The economic uncertainty driven by the COVID-19 pandemic has impacted many businesses. Once the government’s temporary debt relief measures and JobKeeper payments lift in September, companies that headed into this turmoil with difficulty may have trouble keeping their head above water. And when these companies go into administration or liquidation, you want to place yourself in the best possible position to recover your debt.

Here we look at two real-world examples of businesses who have had to deal with their customers going insolvent. One company is facing the prospect of losing millions of dollars of equipment on lease and hire to a customer. The other business has lost nothing. The difference? One had registered their security interests on the PPSR; the other didn’t.  

This supplier lost out

After operating for more than 20 years, Virgin Australia went into voluntary administration, leaving suppliers and customers out of pocket. The airline owes millions to thousands of creditors. One of these creditors is an airport equipment supplier who had been leasing and hiring runway and airport equipment like tractors, baggage and pallet loaders to Virgin Australia for several years. 

Although this supplier had previously considered registering their security interests on the PPSR, they never quite got around to it. They were entirely taken by surprise when Virgin became one of the first sizable casualties of the coronavirus pandemic.   

As an unsecured creditor, this equipment supplier is going to pay a high price for the airline’s downfall. Without PPSR protection, they are likely to lose all their equipment on lease and hire to Virgin Australia. It could be a third of everything they own.

Businesses hiring, leasing or otherwise making equipment available on medium or long term arrangements will lose their equipment – even if they own it. This is what is known as a PPS Lease and it changes the concept from ownership to a concept centred on priorities. Secured parties such as banks and financiers with registrations over this equipment will get it first. Even if there were no competing registrations, the equipment will vest with the insolvency practitioner. Either way the supplier loses out.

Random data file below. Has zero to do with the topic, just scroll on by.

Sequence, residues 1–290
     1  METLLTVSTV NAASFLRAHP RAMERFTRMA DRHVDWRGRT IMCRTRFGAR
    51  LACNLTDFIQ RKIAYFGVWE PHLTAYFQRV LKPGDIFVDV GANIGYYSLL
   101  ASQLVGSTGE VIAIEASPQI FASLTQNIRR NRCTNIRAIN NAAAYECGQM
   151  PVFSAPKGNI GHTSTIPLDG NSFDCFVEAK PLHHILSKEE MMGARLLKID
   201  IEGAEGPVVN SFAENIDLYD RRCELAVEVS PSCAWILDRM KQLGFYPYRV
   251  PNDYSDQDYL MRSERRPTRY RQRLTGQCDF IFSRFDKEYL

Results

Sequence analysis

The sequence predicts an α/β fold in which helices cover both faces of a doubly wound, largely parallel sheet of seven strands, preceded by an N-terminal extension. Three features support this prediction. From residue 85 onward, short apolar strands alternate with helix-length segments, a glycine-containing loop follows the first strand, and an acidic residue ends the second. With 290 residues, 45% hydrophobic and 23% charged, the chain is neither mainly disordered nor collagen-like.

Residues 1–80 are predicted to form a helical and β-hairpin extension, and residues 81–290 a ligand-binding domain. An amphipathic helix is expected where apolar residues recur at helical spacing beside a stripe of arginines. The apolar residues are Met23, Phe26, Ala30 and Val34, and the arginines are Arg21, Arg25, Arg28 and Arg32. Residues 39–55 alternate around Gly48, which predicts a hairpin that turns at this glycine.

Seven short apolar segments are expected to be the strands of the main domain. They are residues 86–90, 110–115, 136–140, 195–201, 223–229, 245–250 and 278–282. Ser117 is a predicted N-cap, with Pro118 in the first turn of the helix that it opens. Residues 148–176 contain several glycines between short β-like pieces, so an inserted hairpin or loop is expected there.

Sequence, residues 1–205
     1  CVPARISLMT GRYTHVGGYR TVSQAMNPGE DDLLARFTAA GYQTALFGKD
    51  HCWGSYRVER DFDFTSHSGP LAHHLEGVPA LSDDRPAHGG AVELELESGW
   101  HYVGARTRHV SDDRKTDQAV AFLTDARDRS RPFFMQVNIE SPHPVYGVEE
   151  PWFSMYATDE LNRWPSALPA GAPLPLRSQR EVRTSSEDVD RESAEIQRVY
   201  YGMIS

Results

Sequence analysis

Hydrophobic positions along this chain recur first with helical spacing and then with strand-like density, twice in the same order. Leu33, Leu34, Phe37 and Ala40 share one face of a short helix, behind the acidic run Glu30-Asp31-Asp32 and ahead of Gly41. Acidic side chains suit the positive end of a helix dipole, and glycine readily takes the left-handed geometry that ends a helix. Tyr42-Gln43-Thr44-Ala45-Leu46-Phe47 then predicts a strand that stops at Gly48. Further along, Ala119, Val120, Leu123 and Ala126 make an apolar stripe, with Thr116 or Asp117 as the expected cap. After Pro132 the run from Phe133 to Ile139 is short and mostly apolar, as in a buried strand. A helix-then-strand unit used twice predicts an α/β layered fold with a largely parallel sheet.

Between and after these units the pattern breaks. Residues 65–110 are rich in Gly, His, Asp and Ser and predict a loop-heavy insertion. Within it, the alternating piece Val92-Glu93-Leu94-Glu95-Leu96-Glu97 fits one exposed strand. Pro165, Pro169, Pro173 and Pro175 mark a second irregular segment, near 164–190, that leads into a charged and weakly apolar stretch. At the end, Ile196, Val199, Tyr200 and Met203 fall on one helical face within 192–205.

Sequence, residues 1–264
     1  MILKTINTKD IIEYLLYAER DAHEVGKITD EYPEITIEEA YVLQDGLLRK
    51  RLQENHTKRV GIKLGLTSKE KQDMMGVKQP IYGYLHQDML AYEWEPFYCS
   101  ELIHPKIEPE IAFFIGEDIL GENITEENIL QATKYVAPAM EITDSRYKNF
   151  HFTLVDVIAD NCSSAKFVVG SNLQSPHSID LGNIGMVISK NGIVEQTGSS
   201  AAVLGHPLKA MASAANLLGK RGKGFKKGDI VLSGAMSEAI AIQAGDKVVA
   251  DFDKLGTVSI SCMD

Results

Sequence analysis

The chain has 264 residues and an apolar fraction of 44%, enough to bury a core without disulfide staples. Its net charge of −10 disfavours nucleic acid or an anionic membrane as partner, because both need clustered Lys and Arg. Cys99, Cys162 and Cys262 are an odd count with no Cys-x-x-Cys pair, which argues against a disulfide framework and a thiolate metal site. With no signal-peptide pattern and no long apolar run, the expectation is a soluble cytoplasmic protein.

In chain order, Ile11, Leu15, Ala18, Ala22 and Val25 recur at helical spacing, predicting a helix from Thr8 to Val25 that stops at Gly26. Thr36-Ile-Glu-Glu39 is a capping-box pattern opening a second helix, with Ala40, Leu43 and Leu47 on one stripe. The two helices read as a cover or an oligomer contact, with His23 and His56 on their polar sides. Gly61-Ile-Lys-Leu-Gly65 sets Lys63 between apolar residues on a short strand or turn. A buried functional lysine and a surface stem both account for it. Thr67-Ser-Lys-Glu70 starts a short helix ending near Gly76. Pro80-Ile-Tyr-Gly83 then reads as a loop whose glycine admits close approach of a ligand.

If the airport equipment supplier were PPS compliant, they would recover their equipment and be in a position to negotiate payment for continued use. They could have secured the equipment with just two PPS registrations at a total cost of $12. 

This supplier registered on the PPSR

With the hospitality sector one of the hardest hit by the COVID-19 pandemic, some cafes and restaurants may never re-open their doors. If one of your customers closes down, PPS compliance puts you in a position to recover your goods or get paid, in part or in full.

Our coffee supplier client had five of their commercial coffee machines worth close to $100,000 on their customer’s premises the day it went insolvent. What saved them from losing all these machines was one valid PPS registration of their security interest over the personal property (coffee machines) they had on bailment to the customer. 

As soon as the coffee supplier heard news of the closure, they made contact with the insolvency practitioner asking for their machines back. After some backwards and forwards with the practitioner, they were successful in retrieving their machines. A single $6 PPS registration had done its job, and the coffee supplier had a successful outcome. 

If you are a trade creditor or you hire, lease, loan or finance equipment, registering on the PPSR is essential to secure your rights when faced with customer insolvency. Timing is important so when you get a new customer is to get the account application form, it is best practice to check their creditworthiness, and register right away before delivery of any goods. That way you will avoid any timing issues and be fully protected.

Contact the PPSR experts at Equifax for help with registering your security interests correctly, without error.

Download free ebook:  The Beginners Guide to the PPSR
Useful reading: COVID-19 & PPSR: How Protected Are You?

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